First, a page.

Techopia Live: Ottawa firm looks to Make Giving Happen for a digital generation

Techopia Live showed its charitable side this week with an Ottawa tech firm that’s helping local clients such as Carleton University tailor their fundraising campaigns to a new generation.

Make Giving Happen is a spinoff from Ottawa-based digital agency RealDecoy. The company develops software that integrates with brands’ existing website to give clients’ fundraising pages more oomph than the standard “donate now” button.

For example, Carleton uses the firm’s tech to power its FutureFunder platform, which played a role in the university’s recent $308-million crowdfunding campaign.

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Alumni, students and faculty can all use FutureFunder to raise money for their own causes. Wallis Stagg, Make Giving Happen’s director of charitable giving, told Techopia Live that while previous generations were more likely to donate to their alma maters via a regular cheque in the mail, campaigns that target specific causes are more likely to appeal to recent graduates. Stagg gave the example of a campaign to provide care for students’ support animals as one that resonated with donors.

“Of course we know that students need support animals and they need to go to class with them, but we don’t think about the logistics involved with that,” she said. “They need food, they need leashes, they need a certain amount of care while they’re at the school, and I can choose to donate to that cause.”

New platforms such as Make Giving Happen and GoFundMe have emerged as modern solutions for charities, but it’s worth digging into how crowdfunding platforms vary in the way they handle donor information. Megan Wallace, lawyer with Techopia sponsor Perley-Robertson, Hill & McDougall LLP and head of its non-profit and charity law group, noted that using third-party providers can sometimes cut charities off from their supporters, leaving them unable to send follow-up emails or properly manage their donor database.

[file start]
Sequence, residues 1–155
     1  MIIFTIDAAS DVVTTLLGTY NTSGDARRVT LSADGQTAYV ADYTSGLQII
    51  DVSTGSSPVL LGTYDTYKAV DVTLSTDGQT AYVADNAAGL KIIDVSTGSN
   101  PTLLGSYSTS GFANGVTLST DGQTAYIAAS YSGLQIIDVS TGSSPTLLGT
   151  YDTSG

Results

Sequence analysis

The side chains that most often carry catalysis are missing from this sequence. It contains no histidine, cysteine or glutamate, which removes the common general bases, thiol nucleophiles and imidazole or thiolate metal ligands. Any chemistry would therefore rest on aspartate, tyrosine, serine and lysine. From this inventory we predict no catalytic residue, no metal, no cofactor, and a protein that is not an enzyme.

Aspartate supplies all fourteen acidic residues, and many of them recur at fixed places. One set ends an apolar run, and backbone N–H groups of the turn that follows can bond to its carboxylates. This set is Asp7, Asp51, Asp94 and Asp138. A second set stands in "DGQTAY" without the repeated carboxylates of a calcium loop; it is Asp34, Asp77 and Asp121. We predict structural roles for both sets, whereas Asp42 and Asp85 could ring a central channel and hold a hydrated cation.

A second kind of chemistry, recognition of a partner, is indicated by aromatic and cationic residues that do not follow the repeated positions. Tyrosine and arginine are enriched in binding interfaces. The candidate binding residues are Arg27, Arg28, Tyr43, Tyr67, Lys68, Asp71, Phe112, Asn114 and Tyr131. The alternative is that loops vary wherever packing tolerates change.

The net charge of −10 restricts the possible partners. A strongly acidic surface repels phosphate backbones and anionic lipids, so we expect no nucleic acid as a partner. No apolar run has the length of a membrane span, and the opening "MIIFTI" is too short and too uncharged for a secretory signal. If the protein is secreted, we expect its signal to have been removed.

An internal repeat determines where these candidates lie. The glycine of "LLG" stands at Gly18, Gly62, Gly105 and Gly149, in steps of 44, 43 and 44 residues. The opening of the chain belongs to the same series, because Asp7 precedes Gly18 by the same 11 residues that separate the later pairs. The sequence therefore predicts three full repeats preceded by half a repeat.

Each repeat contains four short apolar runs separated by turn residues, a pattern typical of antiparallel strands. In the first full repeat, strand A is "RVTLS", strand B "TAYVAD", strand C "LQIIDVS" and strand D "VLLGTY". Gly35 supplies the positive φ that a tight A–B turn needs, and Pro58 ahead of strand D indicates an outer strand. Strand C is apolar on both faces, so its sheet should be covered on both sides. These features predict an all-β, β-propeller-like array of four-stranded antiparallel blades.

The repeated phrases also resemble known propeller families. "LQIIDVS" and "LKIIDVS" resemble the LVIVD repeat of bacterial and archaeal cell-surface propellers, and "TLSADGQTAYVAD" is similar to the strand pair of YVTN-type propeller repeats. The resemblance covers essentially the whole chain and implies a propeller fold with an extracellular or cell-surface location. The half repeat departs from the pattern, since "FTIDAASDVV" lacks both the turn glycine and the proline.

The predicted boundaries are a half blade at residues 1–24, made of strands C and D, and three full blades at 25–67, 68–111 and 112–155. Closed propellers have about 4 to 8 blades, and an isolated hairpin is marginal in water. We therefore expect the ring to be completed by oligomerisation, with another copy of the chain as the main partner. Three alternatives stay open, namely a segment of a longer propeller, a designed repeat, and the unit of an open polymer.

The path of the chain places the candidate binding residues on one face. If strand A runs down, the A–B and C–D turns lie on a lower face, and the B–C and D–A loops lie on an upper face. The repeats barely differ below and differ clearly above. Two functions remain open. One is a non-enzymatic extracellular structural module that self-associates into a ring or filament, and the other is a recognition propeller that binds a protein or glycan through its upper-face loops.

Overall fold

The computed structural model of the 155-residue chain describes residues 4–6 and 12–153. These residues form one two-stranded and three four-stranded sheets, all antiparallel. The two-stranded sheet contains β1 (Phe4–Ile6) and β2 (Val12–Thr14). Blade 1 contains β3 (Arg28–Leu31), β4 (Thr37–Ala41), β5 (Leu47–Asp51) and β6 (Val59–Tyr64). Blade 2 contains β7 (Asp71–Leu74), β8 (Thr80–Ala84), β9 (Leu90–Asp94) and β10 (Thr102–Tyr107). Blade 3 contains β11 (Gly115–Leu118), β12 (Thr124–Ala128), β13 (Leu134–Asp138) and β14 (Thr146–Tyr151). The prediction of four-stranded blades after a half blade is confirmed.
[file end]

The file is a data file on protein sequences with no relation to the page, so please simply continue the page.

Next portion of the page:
Make Giving Happen’s platform separates itself from competitors by keeping the donation process within a company’s “digital umbrella,” Stagg said. The software sits overtop a clients’ existing website, so there’s no barrier keeping donor information from the charities.

In addition to donor management, keeping the process on one web address provides a feeling of security throughout the transaction.

“There’s a trust factor in that. Any time somebody pulls out their credit card online to make a purchase, there’s a moment of hesitation when you’re taken to a third party to check out,” Stagg said.

“What’s great about this is that you’re never leaving the site.”

To hear more about how the digital revolution is disrupting the charitable sector, watch the video above.

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